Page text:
The definition of epilepsy has been updated by the International League Against Epilepsy.
The definition of epilepsy has recently changed to help physicians and healthcare professionals treating patients with suspected epilepsy to improve the timeliness of diagnostic and treatment options.
Speaker Jacqueline French, MD, discussed the new definition of epilepsy at the Annual Fundamentals Symposium: The New Definition and Classification of Epilepsy at the American Epilepsy Society conference on Friday, December 2, 2016.
Before the revision, the guideline was for physicians to wait until 2 spontaneous seizures occurred before treating a patient with suspected epilepsy. However, this raises questions such as “Is it necessary or appropriate to put off treatment until 2 seizures have been experienced?” and “If it is known that epilepsy has developed, should physicians still wait to initiate treatment?”
The revised definition removes any burden on physicians to determine the risk of a second seizure for each patient. Physicians are now trying to diagnose epilepsy after the first seizure, as long as the necessary evidence is present, Dr French said.
In the article “A Practical Clinical Definition of Epilepsy,” which updated the definition of the disease, epilepsy is considered to be present if there are 2 unprovoked seizures within 24 hours or if the probability of additional seizures after the first is similar to the general recurrence risk of 60%.
In addition, the new definition says that if there is enough information to diagnose an epilepsy syndrome without the presence of seizures, a patient can be given a diagnosis of epilepsy. For example, Dr French said that a diagnosis can be made if a patient had a single seizure plus an electroencephalogram (EEG) that shows centrotemporal spikes.
Although the definition has changed and may speed up diagnosis, treatment may not be an immediate decision, according to the session. Time to treatment varies depending on the uncertainty present after 1 seizure because there is no concrete diagnostic test for determining the risk of another seizure.
Dr French also discussed the American Academy of Neurology’s guideline called Management of an Unprovoked First Seizure of Adults, which aligns with the updated definition of epilepsy. This evidence-based review allows physicians to review certain factors prior to treating a patient who may have epilepsy.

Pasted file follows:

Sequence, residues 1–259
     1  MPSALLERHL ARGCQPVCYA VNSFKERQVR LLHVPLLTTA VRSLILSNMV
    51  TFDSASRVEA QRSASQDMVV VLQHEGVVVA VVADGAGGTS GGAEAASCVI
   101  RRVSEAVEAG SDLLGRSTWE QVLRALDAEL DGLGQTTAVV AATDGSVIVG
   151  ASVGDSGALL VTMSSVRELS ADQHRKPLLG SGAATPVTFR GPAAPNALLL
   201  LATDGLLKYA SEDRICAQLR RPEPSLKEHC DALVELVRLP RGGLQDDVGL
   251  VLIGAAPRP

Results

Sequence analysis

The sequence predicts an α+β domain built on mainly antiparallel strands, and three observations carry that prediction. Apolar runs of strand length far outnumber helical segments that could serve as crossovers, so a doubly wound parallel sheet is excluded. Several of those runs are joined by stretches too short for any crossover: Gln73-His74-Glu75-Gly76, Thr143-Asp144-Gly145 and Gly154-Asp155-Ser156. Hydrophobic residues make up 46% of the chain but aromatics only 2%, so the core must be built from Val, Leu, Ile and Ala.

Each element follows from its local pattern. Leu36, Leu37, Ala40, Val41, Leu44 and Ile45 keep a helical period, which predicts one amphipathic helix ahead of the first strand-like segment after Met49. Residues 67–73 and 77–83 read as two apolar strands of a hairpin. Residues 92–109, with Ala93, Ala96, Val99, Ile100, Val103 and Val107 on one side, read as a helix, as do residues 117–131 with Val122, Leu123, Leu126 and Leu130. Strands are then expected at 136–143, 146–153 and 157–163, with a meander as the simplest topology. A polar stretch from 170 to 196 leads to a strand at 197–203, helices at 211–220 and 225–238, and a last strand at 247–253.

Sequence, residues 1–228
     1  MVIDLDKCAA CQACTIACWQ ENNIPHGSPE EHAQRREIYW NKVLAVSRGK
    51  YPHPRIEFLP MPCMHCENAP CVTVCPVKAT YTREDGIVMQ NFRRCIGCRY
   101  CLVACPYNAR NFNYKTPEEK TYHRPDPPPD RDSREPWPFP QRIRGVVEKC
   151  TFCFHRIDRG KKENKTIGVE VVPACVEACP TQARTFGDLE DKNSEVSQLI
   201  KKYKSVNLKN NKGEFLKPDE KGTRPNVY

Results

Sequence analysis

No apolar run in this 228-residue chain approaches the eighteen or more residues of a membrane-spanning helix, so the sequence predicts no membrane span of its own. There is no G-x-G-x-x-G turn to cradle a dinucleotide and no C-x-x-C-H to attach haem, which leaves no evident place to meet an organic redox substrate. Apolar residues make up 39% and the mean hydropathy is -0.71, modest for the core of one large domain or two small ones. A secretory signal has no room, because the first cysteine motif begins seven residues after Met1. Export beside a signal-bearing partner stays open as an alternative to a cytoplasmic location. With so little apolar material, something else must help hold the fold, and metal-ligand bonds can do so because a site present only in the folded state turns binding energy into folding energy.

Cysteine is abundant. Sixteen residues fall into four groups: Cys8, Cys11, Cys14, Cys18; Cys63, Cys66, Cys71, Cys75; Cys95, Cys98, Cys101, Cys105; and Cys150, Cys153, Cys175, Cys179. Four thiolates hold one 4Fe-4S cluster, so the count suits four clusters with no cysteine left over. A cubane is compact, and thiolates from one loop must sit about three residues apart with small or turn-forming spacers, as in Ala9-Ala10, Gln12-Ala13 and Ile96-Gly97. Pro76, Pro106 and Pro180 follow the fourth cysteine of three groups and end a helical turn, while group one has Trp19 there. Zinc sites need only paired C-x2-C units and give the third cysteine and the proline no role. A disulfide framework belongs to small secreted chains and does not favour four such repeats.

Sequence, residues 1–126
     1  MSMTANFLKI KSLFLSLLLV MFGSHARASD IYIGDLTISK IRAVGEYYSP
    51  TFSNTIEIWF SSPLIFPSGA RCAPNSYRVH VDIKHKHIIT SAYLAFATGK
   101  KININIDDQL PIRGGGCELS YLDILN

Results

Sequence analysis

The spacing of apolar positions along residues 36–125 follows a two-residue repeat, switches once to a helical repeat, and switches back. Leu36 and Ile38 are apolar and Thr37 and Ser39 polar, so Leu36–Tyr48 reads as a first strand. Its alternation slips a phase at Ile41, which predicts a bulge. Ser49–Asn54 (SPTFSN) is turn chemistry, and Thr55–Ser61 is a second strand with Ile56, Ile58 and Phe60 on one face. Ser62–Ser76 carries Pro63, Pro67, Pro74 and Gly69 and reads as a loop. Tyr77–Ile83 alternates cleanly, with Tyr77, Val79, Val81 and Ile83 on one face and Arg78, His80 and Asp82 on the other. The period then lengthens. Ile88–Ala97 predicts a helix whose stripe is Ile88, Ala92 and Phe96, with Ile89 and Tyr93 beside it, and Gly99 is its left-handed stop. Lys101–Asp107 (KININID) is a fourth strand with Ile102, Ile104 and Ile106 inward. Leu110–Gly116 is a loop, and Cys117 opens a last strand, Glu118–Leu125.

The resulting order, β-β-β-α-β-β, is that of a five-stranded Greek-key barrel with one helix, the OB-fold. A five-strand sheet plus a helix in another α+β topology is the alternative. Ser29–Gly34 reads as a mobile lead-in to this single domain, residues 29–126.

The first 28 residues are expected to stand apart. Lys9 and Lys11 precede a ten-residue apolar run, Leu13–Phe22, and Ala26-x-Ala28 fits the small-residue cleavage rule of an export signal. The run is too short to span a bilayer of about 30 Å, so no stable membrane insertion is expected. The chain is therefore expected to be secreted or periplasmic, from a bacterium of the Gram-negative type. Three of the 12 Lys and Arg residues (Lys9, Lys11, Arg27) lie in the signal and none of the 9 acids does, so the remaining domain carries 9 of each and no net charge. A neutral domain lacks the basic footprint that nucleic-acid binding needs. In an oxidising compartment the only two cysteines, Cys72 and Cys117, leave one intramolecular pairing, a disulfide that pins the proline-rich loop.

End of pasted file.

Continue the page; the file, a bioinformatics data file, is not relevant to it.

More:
According to the American Academy of Neurology review, patients who experienced an unprovoked first seizure should be informed that recurrence is most likely to occur within 2 years. Other factors that increase the risk for seizure recurrence include a prior seizure, an epileptiform EEG, an abnormal computed tomography scan or magnetic resonance image, and a nocturnal seizure, according to the session.
The presence of these additional factors may impact a physician’s decision to treat.
The guideline also states that immediate treatment with antiepileptic drugs may help to reduce the occurrence of a second seizure within 2 years. By treating patients more rapidly, they are less likely to experience poor health outcomes and healthcare costs associated with seizures.
However, the final decision about whether to initiate treatment should be based on a physician’s assessment of the risks of adverse events from antiepileptic drugs, the potential risk of seizure recurrence, and input from the patient.
Dr French concluded that the new definition of epilepsy will better align with treatment strategies implemented by physicians, as well as allow them to have more involved conversations with their patients. Perhaps in the future, these guidelines could also help create an additional marker for the disease.